How can you assist youngsters in developing self-assurance? How can we assist youngsters in realizing that they are capable of self-learning? How can you help them gain greater confidence in their ability to interact with others? How can we assist them in becoming more confident in their physical or sports abilities? This is what I’m going to tell you about in this post.
Hello, parents who are heavily interested in their children’s education. I hope you are doing well.
Of course, parents tend to compliment their children, saying things like: “I am proud of you because you are beautiful, strong, and you know.” This is because flattering the child meets his need for social recognition and boosts his self-esteem. Furthermore, we adults appreciate positive feedback on our work on the cleaning we did or the dish we cooked on behalf of our children when we assisted them.
The issue with praises is that the youngster will constantly wait for the adult’s approval and will later have problems asserting his choices, views, and ideas, all with the goal of pleasing others rather than establishing his identity.
Number one tip:
Well, it is to teach his child to self-encourage and self-assess so that he develops his confidence, so make sure that your child becomes his first supporter, and then of course our child will continue to ask us for feedback on what he has accomplished, which is very healthy because it is through interactions with his parents and the adults who educate him that the child will be able to put words on his achievements, and thus by this aw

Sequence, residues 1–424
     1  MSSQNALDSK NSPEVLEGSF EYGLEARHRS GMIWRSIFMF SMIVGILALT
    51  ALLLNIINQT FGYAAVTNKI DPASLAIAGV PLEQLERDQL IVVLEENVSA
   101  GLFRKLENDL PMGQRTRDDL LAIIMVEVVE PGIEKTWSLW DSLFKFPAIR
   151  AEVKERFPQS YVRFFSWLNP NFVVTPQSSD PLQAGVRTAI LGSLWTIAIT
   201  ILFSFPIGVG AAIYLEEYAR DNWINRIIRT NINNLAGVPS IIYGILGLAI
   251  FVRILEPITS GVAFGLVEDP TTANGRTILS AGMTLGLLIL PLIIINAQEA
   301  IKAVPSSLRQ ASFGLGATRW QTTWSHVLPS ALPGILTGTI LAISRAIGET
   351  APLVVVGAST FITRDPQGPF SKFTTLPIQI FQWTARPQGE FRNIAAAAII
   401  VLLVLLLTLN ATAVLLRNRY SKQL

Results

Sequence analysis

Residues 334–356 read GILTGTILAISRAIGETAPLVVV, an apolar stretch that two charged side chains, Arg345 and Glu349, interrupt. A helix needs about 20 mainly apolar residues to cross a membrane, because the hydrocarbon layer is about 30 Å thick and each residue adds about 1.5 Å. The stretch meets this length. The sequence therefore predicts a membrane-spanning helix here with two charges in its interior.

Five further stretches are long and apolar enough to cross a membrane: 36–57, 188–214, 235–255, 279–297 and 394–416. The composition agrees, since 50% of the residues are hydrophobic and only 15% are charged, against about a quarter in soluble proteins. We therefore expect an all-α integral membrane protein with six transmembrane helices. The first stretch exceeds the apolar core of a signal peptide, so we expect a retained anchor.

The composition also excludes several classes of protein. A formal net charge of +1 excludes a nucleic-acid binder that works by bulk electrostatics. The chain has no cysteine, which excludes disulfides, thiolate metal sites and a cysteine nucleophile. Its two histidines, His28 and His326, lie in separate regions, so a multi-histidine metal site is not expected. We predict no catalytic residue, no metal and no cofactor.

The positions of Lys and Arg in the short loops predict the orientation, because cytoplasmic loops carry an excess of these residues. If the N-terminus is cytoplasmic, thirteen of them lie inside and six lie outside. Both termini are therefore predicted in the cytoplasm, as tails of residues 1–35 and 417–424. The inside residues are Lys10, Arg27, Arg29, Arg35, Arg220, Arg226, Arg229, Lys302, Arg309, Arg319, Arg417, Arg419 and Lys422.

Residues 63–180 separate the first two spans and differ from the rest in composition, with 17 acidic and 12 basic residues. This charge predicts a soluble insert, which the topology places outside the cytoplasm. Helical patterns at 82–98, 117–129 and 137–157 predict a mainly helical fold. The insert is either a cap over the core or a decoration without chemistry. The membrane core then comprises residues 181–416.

Number two is this:
Instead of flattery, use detailed compliments. If we are comfortable to exclaim bravo instead of making an effort, the kid will grow to be reliant on our gaze, and it is preferable to give descriptive judgments. So, for example, a trampoline instructor said to a girl or still quite well, so obviously it’s part of a good intention, but it would be more beneficial for the child to hear your arms outstretched well with your back in red, which allows the child to self-appreciate his success, and this is why in the majority of primary schools and well, grades are disappearing in favor of skill evaluation, which goes in the direction of my remarks because a grade I
It is to avoid comparing your child to other children, including siblings. If we spend our time comparing our actions to others’ successes or, on the other hand, their failures, we are not progressing in our own practice. We will therefore avoid asking in our childhood if others have succeeded or comparing them to the class average, but rather based on the skills acquired or the skills to be developed.
It’s to avoid our children being labeled. When you were a child, you may have read things like “math isn’t your thing” or heard it from your parents or other people. The problem with these labels is that children cross them and they become very difficult to remove, and our child may give up and think to himself, “What good is it since I’m bad at maths?”
Make the child succeed by using step microphones; confidence grows as the child succeeds; moreover, the word confidence comes from the Latin entrusted of airé, which means to put one’s trust in; and for that, the child must have a life set on the path to success; and for that, we adults, well, we must help them succeed by cutting the difficult objectives into micro steps, which makes the path to success easier to cite a concrete example when I teach writing.